Draft regulations too weak to save glass sponge reefs

  • Jul. 17, 2015 4:00 p.m.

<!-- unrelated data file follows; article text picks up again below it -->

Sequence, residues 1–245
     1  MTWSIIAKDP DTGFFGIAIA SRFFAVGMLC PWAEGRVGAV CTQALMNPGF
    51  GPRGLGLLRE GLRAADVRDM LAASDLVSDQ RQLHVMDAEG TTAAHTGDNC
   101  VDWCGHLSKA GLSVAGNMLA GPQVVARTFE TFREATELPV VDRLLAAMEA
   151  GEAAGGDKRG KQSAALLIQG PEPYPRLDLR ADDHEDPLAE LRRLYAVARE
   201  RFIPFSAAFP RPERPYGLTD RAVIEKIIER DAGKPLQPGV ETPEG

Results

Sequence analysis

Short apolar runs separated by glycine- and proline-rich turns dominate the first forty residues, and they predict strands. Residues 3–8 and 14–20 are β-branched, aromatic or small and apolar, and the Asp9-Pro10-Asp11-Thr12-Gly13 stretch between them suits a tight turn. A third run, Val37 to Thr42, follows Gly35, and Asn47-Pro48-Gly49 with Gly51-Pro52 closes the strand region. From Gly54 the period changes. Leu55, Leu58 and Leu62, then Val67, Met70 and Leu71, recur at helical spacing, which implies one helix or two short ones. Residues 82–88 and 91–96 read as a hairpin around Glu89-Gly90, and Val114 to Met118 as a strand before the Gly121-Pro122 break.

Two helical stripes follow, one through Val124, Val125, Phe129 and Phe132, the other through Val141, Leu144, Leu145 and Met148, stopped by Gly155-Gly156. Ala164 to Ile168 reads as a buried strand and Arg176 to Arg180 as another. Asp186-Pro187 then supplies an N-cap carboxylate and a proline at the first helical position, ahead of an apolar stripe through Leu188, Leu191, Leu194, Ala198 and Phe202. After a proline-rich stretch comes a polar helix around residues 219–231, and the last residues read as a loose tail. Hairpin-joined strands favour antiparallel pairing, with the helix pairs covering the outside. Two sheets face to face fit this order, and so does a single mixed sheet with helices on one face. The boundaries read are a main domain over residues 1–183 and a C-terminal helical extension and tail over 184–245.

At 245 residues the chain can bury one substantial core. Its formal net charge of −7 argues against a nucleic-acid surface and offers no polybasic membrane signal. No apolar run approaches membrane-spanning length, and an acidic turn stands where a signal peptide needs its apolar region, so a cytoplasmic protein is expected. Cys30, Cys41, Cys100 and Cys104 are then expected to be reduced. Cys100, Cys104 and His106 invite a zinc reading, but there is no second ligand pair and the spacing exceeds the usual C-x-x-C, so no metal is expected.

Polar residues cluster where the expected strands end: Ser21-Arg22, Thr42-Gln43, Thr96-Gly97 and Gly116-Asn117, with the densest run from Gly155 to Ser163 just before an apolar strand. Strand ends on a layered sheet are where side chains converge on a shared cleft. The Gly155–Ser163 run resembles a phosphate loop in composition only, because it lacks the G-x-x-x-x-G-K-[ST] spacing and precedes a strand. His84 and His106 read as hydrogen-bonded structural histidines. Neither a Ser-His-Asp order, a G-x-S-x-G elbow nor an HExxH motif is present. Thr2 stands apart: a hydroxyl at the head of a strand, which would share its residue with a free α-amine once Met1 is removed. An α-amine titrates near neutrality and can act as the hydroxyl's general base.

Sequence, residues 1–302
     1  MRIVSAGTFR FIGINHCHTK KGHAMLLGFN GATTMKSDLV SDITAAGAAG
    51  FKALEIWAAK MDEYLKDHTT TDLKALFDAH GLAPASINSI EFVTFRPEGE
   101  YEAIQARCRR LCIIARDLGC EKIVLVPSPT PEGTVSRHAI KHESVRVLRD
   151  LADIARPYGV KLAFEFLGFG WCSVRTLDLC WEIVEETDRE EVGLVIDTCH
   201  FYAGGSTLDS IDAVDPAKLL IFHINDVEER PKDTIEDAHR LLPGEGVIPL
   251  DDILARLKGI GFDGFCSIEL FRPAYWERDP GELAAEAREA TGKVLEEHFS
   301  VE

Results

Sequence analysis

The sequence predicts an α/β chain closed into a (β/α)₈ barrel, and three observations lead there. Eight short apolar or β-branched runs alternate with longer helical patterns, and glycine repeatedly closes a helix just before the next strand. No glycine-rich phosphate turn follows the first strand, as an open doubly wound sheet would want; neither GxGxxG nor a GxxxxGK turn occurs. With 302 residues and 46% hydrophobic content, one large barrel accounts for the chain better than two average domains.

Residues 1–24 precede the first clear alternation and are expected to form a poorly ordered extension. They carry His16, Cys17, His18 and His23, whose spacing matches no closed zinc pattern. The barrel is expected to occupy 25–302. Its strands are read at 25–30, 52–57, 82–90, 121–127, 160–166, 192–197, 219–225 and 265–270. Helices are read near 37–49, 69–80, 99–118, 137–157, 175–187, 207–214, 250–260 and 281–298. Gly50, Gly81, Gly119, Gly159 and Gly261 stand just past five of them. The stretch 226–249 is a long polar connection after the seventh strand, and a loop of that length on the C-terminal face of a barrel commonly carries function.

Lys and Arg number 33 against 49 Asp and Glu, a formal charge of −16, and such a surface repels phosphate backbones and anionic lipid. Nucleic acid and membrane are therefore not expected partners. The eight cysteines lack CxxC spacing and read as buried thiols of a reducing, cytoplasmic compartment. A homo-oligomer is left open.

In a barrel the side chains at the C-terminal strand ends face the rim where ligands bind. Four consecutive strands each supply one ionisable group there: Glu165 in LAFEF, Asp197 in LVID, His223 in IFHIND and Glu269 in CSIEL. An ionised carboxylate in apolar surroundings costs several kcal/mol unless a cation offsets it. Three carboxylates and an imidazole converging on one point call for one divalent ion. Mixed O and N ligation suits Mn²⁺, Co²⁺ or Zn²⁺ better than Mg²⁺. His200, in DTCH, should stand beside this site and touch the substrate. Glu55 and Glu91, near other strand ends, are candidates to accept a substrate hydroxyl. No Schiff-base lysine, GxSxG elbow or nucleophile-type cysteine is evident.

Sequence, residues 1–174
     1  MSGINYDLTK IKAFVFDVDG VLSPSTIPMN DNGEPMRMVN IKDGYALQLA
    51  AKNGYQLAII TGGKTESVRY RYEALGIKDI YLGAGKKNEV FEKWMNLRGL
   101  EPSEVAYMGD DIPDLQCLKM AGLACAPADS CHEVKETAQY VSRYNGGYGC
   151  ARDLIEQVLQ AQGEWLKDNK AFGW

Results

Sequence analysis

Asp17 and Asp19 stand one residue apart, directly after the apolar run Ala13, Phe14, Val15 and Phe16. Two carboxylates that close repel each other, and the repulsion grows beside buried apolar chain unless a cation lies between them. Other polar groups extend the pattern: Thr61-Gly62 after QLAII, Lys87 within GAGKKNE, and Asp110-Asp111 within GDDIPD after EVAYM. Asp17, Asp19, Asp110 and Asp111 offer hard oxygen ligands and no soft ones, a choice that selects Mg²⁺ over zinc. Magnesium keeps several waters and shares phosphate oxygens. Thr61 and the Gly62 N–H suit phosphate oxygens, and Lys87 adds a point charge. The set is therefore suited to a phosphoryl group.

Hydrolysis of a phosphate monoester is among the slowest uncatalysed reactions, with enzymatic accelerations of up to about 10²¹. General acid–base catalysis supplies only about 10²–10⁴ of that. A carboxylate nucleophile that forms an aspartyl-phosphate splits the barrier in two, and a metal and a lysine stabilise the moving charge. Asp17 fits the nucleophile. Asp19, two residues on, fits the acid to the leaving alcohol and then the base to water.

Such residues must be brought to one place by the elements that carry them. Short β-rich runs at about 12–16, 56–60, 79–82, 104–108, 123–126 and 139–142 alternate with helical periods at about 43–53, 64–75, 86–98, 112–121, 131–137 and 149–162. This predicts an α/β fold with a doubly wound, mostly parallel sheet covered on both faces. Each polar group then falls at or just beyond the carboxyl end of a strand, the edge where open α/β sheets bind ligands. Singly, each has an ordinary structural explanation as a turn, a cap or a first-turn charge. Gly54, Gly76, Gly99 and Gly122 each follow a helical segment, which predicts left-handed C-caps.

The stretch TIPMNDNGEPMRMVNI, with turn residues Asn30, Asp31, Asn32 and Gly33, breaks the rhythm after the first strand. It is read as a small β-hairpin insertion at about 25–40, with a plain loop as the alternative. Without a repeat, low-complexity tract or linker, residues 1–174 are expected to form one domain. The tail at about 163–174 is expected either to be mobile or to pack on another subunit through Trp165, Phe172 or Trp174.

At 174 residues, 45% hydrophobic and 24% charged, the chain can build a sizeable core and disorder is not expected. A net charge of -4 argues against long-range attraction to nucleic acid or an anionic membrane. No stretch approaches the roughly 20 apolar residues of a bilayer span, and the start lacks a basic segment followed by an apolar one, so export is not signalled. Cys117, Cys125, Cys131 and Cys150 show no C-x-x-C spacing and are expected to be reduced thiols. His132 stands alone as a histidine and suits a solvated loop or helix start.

By Stacey MarpleHaida Gwaii ObserverAn environmental group says regulations set up by the Department of Fisheries and Oceans to govern a proposed Marine Protected Area (MPA) over glass sponge reefs in the Hecate Strait are too weak to be effective. The extremely fragile reef is the only of its kind in the world and is thought to be nearly 9,000 years old. The protection of this area directly coincides with a Government of Canada initiative to strengthen marine and coastal conservation, as outlined under the National Conservation Plan. Launched in 2014, the plan included dedicated funding of $37 million over five years for marine coastal conservation. In a press release Minister of Fisheries and Oceans Gail Shea said the Ottawa’s new step towards the designation of the Hecate Strait and Queen Charlotte Sound Glass Sponge Reefs as a Marine Protected Area is evidence of the Conservative government’s “commitment to protect the unique features of our oceans for future generations.” However, the Canadian Parks and Wilderness Society (CPAWS) says that draft regulations released June 26 will not do enough to save reefs. “The permitted activities under the draft regulations present an unacceptable risk. The proposed MPA covers a small area, and the sponge reefs are globally unique, very fragile and extremely important. A huge proportion of the ocean will still remain open for fishing if this MPA is completely closed,” says Sabine Jessen, CPAWS’ ocean program director. CPAWS has been working for over 15 years to get the reefs protected and is recommending that bottom trolling or other types of fishing should not be allowed within 200 metres of the reef because the risk of raising sediment could choke the sponges to death. “If we want a healthy fishing industry in our province, we need to take precautionary measures to protect important sea nurseries such as the glass sponge reef,” Ms. Jessen said in a press release.  Sponge reefs were thought to be extinct until their discovery in the late 1980’s. The Geological Survey of Canada discovered four major reef complexes of glass sponge reefs in Hecate Strait and Queen Charlotte sound. The reefs serve as a modern link to reefs that were common during the Jurassic era. Reefs the size of the ones found in Hecate Strait and Queen Charlotte Sound have not been found elsewhere in the world, which environmental groups feel is evidence of their global importance for protection.

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